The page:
The countryside of Malawi is rather flat in this part of the country. Yesterday, when we were in eastern Zambia, the terrain is very hilly and I would even say mountainous.
The farm is only one hour away. We first stopped in the settlement of Nkhwazi where Cephas and Patricia and family live. They operate the Jumpha Clinic which is right across the road from their home.
Patricia greeted us and told us that her husband Cephas, Haiton Thungula and Francis Ngpola were already at the farm. So, off to the farm, about 10-15 minutes away. Most of those minutes are on rutted road where you must travel about 10-15 miles per hour.
We come upon our 8.1 acre farm. In the middle of nowhere, this is a place that has seen development from the Lilongwe congregation and has attracted local people from the village of Mzingo. Clearly evident are the improvements on the road within the property that is lined with bricks.
Cephas showed us where people’s booths for the Feast were placed. All was done in organized fashion with specific plots outlined.
We were given the tour of the property and perimeter by Cephas and accompanied by Francis and Haiton. They first showed us where people set up their temporary booths. And temporary is certainly what they were. They were built of bamboo and grass, each costing about $20. Tents were an option, but the problem with tents is that they get hot inside and they cost more.
We first walked around the showers and toilets, and then around the solar powered pump and 2000-liter water tank.
Of special interest was the viny sweet potato with a very pretty flower. We also saw acacia/gricenia and grenedilla.
They were talking about irrigating more of this land, which really seems productive, but they will need another borehole. The one that we already have amazingly services the group of 70 or so that were there for the Feast of Tabernacles.
This area has high Portuguese influence.
Cephas’s children followed us around, notably Rachel. She has a sister, Dalless, and a brother, George. We remember these children growing up after meeting the Chapamba family about 15 years ago.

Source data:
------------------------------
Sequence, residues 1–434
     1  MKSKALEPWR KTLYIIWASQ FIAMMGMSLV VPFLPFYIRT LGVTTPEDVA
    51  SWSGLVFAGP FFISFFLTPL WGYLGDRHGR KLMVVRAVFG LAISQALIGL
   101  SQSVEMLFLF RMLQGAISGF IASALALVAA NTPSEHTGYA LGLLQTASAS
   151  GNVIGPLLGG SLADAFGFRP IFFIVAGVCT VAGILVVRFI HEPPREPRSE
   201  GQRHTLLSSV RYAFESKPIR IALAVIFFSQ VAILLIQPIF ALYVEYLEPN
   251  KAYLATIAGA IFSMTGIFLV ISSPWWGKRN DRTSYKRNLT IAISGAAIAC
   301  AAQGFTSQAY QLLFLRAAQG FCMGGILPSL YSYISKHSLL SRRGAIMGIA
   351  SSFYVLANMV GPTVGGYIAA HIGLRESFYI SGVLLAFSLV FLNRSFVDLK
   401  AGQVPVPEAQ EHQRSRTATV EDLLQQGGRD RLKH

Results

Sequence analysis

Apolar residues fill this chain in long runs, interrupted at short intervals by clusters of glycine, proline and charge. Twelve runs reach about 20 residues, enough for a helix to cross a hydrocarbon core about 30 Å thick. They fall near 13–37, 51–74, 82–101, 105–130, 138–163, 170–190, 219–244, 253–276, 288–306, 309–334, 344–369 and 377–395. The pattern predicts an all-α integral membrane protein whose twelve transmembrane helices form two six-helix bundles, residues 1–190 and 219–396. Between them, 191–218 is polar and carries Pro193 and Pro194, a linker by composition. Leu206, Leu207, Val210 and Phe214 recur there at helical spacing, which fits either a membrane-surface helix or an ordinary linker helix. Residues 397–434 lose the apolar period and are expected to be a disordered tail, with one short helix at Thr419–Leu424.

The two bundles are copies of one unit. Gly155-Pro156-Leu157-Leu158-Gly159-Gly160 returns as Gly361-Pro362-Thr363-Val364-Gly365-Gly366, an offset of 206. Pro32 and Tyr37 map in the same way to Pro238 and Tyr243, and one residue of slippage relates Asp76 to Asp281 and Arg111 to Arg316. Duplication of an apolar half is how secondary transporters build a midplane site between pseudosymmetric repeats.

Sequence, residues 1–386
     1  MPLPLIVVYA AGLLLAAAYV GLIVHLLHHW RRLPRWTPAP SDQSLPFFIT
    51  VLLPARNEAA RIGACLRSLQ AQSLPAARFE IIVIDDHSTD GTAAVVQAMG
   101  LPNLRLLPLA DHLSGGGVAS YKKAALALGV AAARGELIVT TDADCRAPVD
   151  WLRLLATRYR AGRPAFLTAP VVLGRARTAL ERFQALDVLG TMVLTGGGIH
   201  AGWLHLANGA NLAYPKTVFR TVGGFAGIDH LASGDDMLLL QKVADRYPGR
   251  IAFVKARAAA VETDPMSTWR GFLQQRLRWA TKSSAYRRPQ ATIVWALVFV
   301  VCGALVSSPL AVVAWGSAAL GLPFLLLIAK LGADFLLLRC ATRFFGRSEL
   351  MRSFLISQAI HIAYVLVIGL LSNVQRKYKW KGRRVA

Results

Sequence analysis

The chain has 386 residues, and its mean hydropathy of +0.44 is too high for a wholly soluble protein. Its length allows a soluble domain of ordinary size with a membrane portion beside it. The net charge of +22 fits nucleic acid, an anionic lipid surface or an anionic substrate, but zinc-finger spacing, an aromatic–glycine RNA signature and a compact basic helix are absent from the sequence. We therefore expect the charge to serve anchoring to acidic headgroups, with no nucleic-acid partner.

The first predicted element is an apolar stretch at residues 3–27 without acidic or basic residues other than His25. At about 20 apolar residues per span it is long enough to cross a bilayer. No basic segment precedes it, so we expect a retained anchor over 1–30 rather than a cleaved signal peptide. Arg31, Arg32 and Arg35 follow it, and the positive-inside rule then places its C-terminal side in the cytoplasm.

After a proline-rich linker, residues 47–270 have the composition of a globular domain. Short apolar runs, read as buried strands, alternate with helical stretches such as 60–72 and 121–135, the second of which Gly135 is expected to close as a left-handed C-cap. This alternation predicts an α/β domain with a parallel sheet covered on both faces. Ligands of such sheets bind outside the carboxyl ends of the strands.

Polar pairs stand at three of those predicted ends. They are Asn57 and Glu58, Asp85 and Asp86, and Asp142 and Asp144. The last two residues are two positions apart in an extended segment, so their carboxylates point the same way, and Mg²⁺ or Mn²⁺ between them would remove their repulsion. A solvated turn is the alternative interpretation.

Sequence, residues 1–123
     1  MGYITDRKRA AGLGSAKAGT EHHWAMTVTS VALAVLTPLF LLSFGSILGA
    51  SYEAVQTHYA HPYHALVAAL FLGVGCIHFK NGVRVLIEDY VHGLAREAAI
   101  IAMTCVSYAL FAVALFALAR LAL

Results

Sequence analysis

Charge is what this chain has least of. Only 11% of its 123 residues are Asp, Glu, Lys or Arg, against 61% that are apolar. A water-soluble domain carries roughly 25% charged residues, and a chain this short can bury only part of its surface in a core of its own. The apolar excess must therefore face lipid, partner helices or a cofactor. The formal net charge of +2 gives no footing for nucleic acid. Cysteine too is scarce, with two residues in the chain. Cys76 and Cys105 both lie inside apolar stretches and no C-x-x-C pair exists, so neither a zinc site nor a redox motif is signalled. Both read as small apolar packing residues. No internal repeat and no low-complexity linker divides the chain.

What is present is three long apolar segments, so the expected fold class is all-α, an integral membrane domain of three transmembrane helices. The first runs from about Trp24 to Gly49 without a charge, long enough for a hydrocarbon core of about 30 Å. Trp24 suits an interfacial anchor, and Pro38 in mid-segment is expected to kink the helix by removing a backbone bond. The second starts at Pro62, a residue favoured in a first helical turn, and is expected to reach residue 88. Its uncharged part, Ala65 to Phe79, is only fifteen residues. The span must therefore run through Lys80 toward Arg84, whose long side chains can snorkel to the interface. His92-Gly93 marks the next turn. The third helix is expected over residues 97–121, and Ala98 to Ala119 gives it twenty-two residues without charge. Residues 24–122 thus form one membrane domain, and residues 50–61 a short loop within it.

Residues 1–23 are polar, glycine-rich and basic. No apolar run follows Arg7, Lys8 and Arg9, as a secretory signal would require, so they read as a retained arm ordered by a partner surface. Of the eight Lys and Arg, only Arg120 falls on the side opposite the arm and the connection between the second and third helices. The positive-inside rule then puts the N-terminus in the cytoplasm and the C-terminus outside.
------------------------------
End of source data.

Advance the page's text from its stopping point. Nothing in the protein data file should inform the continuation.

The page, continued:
It was hot and the sun was hitting us directly at midday.
We went into an “assembly hall” where the fledgling Nkhwazi UCG congregation came together. This included the Headman and his assistant. There is always a headman and they always seem to be around when foreigners like us are there. By my count, there were 26 of us.
Some sat in plastic chairs while others sat on the ground, mostly women. This included Megan who sat on the women’s side.
Nick Lamoureux has been coming out here for Bible Studies that are held either in this structure or back where Cephas lives at his Jumpha Clinic.
These people’s background comes out of tribal superstitions and fascination with spirits. ButGod is calling some of them into His Truth. This was evident by some of the discussion that took place and seeing the fruits of the work of Cephas and Nick. Most of these people walked in here from adjoining Mzingo village.
I spoke about the Vision, Mission and Work of the Church. Usually, this is a helpful message that gives context to all we do physically in some of these areas. I know that some of the people are here because we Westerners bring things with us that benefit them.
The structure we met in was made from bamboo, and tied together with stripped and sliced rubber from tires. It looked hot, but it was actually cool inside. The structure seemed to “create” a draft that made it very pleasant to sit with all the people.
From here we went to Cephas and Patricia’s home. She prepared a tasty lunch for us, but there was no nsima! Hmmm. She had rice, chicken and chips (French fries) and it was good. We talked about church matters for some time and then headed back to Lilongwe on the M12.
It's one hour. We came to the LifeNets Business Centre. Waiting there was Wizza and Emmanuel with his six year-old son John, who is very active. We waited for Juliana, Chimwemwe and Amina to come. We had invited them to dinner.
This is the day after Easter and many places seemed to be closed, but we found a restaurant called Adlib. It was fun and we had a most enjoyable evening with the young ladies.
This is our last evening together in Lilongwe.